Taking a closer look at Tonawanda Coke’s turbulent history ahead of smokestack implosion


TONAWANDA, N.Y. (WIVB) — When the towering stacks at Tonawanda Coke disappear from the riverfront landscape, it’ll mark the next chapter in a tumultuous environmental battle.

Continued cleanup and redevelopment are the next steps for this controversial industrial complex. But getting to this point was marked by regulatory and court battles centered around environmental concerns.

For years, Tonawanda Coke had been in the crosshairs of state regulators and environmental activists. There were notices of violation issued by the state department of environmental conservation. Like problems with exceeding the opacity limit for the heat stack.

Environmental activist Jackie James-Creedon was among those laser-focused on the black belching smoke that critics say polluted nearby communities.

She told News 4 in 2018, “”What we continue to see after the tunnel collapse a couple months ago is black soot, smoke, coming from their smoke stack.”

Notices of violation kept coming and another had to do with Tonawanda Coke failing to submit a semi-annual report required by state permits.

“I cannot understand why they are not reporting or submitting their reports on time. There’s no excuses for that,” added James-Creedon.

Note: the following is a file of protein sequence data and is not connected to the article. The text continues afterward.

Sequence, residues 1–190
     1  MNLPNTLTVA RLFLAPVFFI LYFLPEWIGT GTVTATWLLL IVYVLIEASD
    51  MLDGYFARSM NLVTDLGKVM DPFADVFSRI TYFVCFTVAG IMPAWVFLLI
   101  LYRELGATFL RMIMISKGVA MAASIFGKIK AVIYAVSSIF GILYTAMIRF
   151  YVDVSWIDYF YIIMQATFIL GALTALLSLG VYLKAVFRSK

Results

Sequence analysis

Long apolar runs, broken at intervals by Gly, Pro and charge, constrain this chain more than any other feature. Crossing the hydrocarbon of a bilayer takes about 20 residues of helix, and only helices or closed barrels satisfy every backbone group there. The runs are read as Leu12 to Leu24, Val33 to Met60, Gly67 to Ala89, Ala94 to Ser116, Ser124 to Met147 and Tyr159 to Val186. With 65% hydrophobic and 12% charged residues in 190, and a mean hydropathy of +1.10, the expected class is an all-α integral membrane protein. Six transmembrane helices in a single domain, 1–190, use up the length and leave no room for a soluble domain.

The crackdown on alleged environmental violations continued in the summer of 2018 and included a cease and desist order. By then, Tonawanda Coke already had a history of legal problems. In 2013, the company was convicted by a federal court jury of violating the clean air act.

Even after the conviction, federal prosecutors accused the company of continuing to violate the law.

In 2018 Assistant Unites States Attorney Aaron Mango told us, “By polluting the air that the citizens of Grand Island and Tonawanda have to breathe and it can’t continue anymore.”

At the time, Tonawanda Coke claimed that statements like that were “unfair,” and that the government was reacting to public pressure. Meanwhile, federal prosecutors filed exhibits with the court that showed deteriorating conditions inside the plant — alleging the company had ignored requests to fix the problems.

By October 2018, Tonawanda Coke filed bankruptcy and announced it would shut down operations, raising the eyebrows of New York’s senior U.S. senator.

“There are about a hundred workers there, to have the state, work with the state. And I’ll do whatever I can to see that these folks get jobs,” Senator Chuck Schumer told us in 2018.

Once an economic driver in the days of big steel — these widely visible remnants of the past are about to come crashing down clearing the way for a new chapter yet to be written across the sprawling riverfront site.

Luke Moretti is an award-winning investigative reporter who has been part of the News 4 team since 2002. See more of his work here.

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